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Kokua Line

Ongoing education for vets not required for licensure

QUESTION: As I understand it, veterinarians are not mandated by the state of Hawaii to have "Continuing Medical Education." Why is this? Most states require continuing education for veterinarians. A doctor friend told me that medical doctors require "Continuing Medical Education" equivalent to 50 points every two years, with one point equaling one hour, in order to have their licenses renewed.

ANSWER: Veterinarians have been lobbying for years to have such a requirement for renewing their licenses, but the Board of Veterinary Examiners, part of the state Department of Commerce and Consumer Affairs, hasn’t felt it is necessary.

"Basically, the state is lazy," was the immediate response from Dr. Eric Ako, executive vice president of the Hawaii Veterinary Medical Association, when asked why.

Ako said he had proposed the continuing education requirement in his former position with the Board of Veterinary Examiners (he is the immediate past chairman).

The Hawaii Veterinary Medical Association also has proposed it.

"The standard reply is that veterinarians have so few complaints … that they don’t want to do it (impose the requirement)," he said.

Ako pointed out that Hawaii is one of only three states that does not have the requirement: "We are oddballs."

"The issue has been raised" in the past, said Lynn Bhanot, executive officer of the Board of Veterinary Examiners. "The board did look at it but (felt) it did not meet the criteria for establishing continuing education."

Asked what the criteria are, Bhanot said "internal criteria in getting these things done" are considered "because it requires rule changes, additional resources to oversee," as well as "a lot of in-depth analysis" regarding the requirements.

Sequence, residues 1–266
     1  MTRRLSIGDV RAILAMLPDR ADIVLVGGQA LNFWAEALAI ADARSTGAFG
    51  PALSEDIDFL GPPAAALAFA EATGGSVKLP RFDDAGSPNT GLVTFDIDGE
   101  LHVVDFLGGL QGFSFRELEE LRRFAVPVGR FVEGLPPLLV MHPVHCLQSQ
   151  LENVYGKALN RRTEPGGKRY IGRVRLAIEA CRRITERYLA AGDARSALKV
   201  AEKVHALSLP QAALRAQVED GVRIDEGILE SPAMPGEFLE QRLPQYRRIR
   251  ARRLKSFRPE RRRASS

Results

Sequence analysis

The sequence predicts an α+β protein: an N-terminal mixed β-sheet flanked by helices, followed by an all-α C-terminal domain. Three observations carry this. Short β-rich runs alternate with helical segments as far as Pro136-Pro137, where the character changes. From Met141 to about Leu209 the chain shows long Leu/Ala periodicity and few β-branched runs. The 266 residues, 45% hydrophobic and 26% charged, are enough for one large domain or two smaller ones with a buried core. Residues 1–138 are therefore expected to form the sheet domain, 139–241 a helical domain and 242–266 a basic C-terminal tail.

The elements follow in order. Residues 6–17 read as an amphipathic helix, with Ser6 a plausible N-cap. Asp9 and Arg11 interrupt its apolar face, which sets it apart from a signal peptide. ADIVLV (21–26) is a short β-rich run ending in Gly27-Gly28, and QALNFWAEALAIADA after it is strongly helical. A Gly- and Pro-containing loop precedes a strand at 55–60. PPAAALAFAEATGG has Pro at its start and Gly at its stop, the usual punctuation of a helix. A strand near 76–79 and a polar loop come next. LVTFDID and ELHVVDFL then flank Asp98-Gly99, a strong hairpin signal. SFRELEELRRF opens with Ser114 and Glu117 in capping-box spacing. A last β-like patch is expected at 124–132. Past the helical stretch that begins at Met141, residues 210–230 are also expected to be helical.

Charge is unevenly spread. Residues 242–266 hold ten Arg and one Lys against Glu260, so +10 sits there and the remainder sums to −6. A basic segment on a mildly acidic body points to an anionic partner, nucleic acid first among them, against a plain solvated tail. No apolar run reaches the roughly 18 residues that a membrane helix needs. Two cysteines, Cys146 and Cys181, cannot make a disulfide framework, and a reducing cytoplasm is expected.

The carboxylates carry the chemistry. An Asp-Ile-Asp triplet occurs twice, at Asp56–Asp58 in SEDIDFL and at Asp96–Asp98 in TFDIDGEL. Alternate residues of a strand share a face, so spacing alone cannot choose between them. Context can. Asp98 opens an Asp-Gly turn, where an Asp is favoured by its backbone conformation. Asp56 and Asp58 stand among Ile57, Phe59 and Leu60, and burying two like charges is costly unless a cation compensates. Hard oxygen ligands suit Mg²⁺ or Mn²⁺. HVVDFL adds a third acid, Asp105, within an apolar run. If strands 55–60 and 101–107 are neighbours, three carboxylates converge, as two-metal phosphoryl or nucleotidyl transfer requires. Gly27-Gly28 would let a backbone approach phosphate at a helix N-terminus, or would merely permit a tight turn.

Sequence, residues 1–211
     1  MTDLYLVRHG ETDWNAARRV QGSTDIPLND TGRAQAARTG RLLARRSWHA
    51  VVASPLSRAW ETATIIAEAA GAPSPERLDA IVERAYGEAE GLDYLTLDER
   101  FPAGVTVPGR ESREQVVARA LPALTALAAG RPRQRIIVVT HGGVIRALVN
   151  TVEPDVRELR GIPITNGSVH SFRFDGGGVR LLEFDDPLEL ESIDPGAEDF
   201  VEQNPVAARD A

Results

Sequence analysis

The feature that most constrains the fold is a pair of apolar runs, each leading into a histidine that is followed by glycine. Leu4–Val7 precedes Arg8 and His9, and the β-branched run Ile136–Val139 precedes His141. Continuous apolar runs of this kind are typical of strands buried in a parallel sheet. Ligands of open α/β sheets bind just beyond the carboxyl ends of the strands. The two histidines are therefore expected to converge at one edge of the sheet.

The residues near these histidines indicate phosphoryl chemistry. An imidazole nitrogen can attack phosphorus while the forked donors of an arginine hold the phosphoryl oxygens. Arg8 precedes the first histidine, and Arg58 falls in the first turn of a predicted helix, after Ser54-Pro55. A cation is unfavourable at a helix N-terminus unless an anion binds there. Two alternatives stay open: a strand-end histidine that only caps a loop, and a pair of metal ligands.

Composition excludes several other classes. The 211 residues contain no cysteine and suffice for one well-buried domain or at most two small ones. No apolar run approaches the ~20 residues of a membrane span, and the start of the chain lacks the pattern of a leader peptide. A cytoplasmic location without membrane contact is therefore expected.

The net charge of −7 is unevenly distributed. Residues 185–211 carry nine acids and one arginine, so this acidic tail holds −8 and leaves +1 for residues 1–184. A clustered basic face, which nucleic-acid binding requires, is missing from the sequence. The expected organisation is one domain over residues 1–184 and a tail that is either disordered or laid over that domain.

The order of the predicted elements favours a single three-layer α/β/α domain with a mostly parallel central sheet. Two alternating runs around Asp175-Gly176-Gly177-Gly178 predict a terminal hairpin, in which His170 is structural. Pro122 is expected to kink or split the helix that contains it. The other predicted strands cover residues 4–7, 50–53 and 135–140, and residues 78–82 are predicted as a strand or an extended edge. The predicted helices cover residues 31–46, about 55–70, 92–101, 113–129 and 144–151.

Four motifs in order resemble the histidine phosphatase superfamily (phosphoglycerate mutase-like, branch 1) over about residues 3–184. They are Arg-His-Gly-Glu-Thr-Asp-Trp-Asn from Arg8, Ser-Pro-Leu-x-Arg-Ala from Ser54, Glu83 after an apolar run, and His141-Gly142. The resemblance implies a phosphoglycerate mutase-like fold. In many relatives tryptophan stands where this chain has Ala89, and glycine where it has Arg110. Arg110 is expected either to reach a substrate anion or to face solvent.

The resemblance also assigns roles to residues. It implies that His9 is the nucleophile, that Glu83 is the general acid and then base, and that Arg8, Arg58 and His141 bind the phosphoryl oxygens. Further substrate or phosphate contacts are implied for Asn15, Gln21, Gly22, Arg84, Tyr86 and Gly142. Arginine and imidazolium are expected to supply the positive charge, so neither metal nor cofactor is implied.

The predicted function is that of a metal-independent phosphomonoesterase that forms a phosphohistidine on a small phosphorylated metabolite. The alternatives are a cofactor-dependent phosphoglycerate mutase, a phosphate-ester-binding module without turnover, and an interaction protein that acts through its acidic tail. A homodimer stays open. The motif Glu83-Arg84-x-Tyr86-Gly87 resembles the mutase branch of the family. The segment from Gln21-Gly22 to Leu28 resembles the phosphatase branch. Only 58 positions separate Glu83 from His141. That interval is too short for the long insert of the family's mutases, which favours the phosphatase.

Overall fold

She also said that requiring continuing education for licensing would necessitate coordination with the Hawaii Veterinary Medical Association.

That wouldn’t be a problem, Ako said, noting that the association "even offered to do all the legwork, which means all the paperwork."

"It’s not difficult. You randomly select veterinarians who are reapplying for licensure," he explained.

"Then everybody sends in paperwork showing that you’ve earned CE (continuing education) credits, and then, on a random basis, the Hawaii VMA was willing to make sure it was true and that’s it."

Bhanot said the board is once again looking into whether requiring continuing education is feasible, but that it’s not a formal review or consideration. It is "just an inquiry stage."

But, she said, "Basically, the profession polices themselves. In that sense, because of that, they have relatively few complaints."

Bhanot said consumers can go to the Department of Commerce and Consumer Affairs’ website listing the various state-licensed professions, including veterinary medicine, "to check if there are any outstanding complaints regarding a particular individual and their business."

While that’s true, Ako said, "Sometimes we need a little clout."

Most veterinarians are "pretty good" at going for continuing education on their own, even to the mainland, he acknowledged.

"Most practitioners do go, but you’ve got those few black sheep that need a kick in the butt," he said.

As for Hawaii being one of only three states not having a continuing education requirement, he asks rhetorically, "Why are we oddballs? What’s wrong with us?"

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